“African Farmers Put Hope in Beer”
The Wall Street Journal, March 12, 2015, p.B1
“Ugandan farmer Ephraim Opusi had managed to make ends meet growing corn on his 5-acre plot in the hilly Kumi district in eastern Uganda. But now that he cultivates white sorghum, a grain used in beer brewing, Mr. Opusi has struggled to feed his six children. … During his first season in 2010, Mr. Opusi harvested three tons of sorghum. It earned him $750, one of his best seasons. An average Ugandan makes $510 a year, according to World Bank data. Encouraged by the earnings, Mr. Opusi ditched other profitable crops to concentrate growing sorghum. But he didn’t count on many other farmers doing the same, leading to a 20% increase in the price of corn and beans in his district. Brewing giants such as SABMiller and Diageo PLC have invested millions of dollars into African farms, providing a guaranteed market—and better returns—to smallholder farmers as they look for more locally sourced materials such as sorghum. Food staples cassava and yams are also being supplied to brewers. Farmers are also growing less food, preferring to cultivate sorghum varieties specifically developed for brewing. The result: Shrinking food supplies have led to higher prices, putting staples out of reach to many families. … The brewers’ investment in Africa farmland reflects a strategic shift in the pursuit of cost-conscious consumers who favor cheaper beer brands made from homegrown crops. Beer from local ingredients usually costs around 40% less than brands brewed with imported barley. African beer sales are climbing fast. Sub-Saharan Africa will make up 40% of global profit growth—or about $5 billion—for beer companies over the next decade, according to Deutsche Bank, overtaking China as the industry’s main engine for growth.”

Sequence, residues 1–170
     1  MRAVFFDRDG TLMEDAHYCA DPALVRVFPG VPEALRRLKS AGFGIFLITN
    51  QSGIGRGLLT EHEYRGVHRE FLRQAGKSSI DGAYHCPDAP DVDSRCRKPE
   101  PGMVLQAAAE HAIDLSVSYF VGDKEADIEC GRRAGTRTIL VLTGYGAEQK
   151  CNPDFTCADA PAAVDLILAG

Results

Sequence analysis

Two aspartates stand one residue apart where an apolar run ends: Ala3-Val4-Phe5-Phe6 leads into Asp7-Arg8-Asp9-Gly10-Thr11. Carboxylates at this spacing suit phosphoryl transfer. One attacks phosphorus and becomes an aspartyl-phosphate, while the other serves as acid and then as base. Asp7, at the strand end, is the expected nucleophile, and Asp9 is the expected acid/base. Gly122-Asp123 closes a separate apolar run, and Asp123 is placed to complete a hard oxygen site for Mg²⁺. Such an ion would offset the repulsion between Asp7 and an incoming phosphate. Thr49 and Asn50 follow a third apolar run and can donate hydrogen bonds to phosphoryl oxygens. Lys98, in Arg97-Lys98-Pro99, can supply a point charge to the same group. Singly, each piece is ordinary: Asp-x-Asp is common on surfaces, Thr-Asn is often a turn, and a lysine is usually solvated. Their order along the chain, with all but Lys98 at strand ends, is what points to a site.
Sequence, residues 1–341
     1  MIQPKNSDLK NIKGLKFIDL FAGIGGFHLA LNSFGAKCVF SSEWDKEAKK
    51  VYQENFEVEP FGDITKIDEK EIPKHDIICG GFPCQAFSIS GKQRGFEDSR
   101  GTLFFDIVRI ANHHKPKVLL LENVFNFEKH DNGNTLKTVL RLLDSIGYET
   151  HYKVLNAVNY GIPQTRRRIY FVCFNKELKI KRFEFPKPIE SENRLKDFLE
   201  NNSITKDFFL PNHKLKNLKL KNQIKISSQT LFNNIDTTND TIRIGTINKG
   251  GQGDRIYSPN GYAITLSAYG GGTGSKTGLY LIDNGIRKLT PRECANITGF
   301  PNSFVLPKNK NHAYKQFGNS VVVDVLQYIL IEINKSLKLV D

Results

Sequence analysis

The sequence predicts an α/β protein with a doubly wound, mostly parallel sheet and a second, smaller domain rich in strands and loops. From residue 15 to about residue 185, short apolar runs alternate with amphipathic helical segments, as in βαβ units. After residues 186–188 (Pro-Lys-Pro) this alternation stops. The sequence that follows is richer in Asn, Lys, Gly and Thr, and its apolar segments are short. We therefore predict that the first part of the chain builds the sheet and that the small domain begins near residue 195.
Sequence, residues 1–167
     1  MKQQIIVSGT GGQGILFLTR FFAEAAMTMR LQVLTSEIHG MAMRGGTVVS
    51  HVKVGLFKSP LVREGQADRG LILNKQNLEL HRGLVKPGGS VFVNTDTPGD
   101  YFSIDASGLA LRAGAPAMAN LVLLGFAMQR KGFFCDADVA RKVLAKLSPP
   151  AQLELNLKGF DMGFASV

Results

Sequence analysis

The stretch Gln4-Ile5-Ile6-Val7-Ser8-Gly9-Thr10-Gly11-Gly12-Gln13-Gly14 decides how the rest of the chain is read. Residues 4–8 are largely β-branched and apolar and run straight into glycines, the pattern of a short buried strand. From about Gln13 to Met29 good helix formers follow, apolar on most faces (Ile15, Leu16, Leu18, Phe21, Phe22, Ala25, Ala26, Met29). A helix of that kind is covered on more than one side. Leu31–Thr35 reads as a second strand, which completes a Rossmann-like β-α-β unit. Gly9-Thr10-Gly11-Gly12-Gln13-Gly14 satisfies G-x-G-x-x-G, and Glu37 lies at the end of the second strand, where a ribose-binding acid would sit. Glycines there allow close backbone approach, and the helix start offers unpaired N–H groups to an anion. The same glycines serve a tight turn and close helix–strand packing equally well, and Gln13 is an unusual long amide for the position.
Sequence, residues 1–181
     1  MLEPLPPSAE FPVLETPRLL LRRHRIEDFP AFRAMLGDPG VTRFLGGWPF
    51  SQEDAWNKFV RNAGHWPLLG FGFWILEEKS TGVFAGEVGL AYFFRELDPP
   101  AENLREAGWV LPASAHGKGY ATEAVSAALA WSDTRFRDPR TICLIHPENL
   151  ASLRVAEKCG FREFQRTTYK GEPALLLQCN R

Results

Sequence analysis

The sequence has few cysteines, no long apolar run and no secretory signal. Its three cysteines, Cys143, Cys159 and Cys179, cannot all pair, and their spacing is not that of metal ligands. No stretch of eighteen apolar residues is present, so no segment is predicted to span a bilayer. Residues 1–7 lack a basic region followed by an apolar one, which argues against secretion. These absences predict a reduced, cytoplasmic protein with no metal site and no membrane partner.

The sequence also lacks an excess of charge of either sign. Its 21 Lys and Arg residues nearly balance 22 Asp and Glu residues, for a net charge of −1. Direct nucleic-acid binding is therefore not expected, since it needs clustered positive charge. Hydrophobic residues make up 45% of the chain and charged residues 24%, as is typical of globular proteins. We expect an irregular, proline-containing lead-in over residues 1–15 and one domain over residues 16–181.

Quickie analysis: A good example of how everyone acting in their individual self-interest can collectively make themselves worse off.